RICE AND BEANS
At Ekumenik, we are fortunate to surround ourselves with a community who is in constant motion seeking not only daily adventure but new opportunities for discovery. Recently, we caught wind that some of our boys from out West were headed to Baja in search of waves and stoke – something we can definitely get behind. So, we did.
Photographer Maks Eidelson grabbed his camera, some SS17 Ekumenik gear, our good homie Roberto and headed to Mexico to take in the beautiful landscape that is at once both abandoned and full of life. Along his six-week journey, Maks captured images that show off some of our favourite things: good surf, great times and the Summer collection.
Below is the highlight reel of the trip but take note: those long, dreamy sunset sessions didn’t come without a price. The Baja area is highly vibrant but also a bit rough around the edges. Then again, so is any truly raw surf spot.
We drove 10,000 KM from Vancouver B.C to the tip of Baja over a period of 6 weeks. My friend Roberto had just moved back after spending 2 years in West Aus and I work on a freelance basis. Timing was perfect to escape to some warmer waters. It was simple, I said “do you wanna do this” he said “ yes” so we decided on a date, packed up my truck and dipped for an undecided amount of time to find pockets of stoke.
Rice and Beans
Heaps of it. Along with avocados, cheese, peanut butter/jelly, cervezas, hot sauce and of course a fair few street fish tacos—the real shit. I thought two dudes in the back of my Tacoma would be hectic for six weeks, but we were too exhausted to be bothered. Up at five every morning and in bed by eight, our days were spent either in the water, travelling, reading, writing, or pondering how we were going to get over Trump’s wall back into America.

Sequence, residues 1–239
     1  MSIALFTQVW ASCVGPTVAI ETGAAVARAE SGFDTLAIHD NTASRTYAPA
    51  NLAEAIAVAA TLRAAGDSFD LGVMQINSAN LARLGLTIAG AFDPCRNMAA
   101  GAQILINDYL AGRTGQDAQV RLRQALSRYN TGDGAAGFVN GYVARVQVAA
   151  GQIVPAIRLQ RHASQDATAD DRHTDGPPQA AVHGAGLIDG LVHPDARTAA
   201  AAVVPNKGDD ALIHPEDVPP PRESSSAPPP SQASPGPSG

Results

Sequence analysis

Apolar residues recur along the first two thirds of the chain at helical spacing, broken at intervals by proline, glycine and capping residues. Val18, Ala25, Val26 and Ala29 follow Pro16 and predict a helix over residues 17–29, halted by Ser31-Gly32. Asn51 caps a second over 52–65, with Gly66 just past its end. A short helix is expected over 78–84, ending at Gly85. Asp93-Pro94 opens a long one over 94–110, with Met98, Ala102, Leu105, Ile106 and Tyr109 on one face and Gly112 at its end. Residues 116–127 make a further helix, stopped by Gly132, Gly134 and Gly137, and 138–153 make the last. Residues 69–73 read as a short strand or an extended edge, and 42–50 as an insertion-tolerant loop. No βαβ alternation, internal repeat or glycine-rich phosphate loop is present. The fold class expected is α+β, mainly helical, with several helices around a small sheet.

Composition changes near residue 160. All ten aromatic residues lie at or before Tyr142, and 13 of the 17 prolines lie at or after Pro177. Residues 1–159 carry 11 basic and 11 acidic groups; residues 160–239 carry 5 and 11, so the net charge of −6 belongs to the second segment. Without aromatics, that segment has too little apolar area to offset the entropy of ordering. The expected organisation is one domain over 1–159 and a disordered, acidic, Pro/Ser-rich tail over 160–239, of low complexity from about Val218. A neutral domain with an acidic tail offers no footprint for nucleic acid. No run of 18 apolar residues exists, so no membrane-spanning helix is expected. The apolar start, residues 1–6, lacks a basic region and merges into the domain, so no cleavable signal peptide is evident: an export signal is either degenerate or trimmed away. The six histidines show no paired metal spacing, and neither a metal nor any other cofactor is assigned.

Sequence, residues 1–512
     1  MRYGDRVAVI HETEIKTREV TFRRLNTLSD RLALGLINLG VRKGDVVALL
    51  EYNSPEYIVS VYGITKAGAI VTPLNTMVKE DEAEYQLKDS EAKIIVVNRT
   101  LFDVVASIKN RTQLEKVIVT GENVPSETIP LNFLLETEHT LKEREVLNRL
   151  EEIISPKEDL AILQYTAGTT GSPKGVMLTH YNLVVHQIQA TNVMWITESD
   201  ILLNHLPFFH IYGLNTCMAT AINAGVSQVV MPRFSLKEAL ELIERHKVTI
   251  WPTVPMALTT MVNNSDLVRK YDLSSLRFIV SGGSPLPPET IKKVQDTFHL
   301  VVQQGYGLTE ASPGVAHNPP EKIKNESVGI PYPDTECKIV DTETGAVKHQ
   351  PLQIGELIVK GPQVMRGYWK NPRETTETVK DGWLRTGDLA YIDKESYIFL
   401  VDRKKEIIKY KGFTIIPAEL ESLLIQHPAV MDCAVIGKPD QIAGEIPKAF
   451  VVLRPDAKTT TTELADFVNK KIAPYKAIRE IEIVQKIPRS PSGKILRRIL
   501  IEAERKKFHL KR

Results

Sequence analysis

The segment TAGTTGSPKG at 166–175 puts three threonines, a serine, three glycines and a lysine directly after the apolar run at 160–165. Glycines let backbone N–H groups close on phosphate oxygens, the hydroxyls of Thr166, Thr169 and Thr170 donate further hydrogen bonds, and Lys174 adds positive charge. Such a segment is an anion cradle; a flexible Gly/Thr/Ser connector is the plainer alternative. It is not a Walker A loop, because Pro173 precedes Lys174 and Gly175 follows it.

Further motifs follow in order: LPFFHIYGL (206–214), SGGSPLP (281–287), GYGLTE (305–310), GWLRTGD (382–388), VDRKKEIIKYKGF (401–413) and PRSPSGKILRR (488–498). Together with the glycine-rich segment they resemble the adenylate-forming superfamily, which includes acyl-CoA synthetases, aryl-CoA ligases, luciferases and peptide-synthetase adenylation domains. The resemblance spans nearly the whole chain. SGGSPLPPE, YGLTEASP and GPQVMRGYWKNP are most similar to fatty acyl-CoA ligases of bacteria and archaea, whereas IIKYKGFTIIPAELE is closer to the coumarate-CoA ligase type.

We were in San Diego at our friend’s the night before we planned to cross over into Mexico the following morning. We went for a surf and got the inside scoop on some must-hit spots in Baja from a couple Oceanside legends, so morale was high. Then, homie we’re staying with caught wind of some bad news. The Mexican government decided to raise the price of gasoline more than 20% overnight, largely due to corrupt politicians. This surge caused havoc—protestors took over the border we’d planned to cross and it was closed for the first time since 9/11. There was rioting, looting, and gas trucks were being held up, which meant gas stations throughout ran dry. Our friend said he’d never seen something this bad, and strongly advised us not to go. FUCK. What were we going to do? We had no Plan B. I’ve seen some shit but we had to take it seriously, our entire trip was based on this commodity. Do we err on the side of caution, wait it out, potentially pack in the whole trip? Or do we risk it, hope for the best and see what happens? We chilled in Oceanside for two more days, then decided to fill the jerrys and head as far south as we could get.
Fuck The Police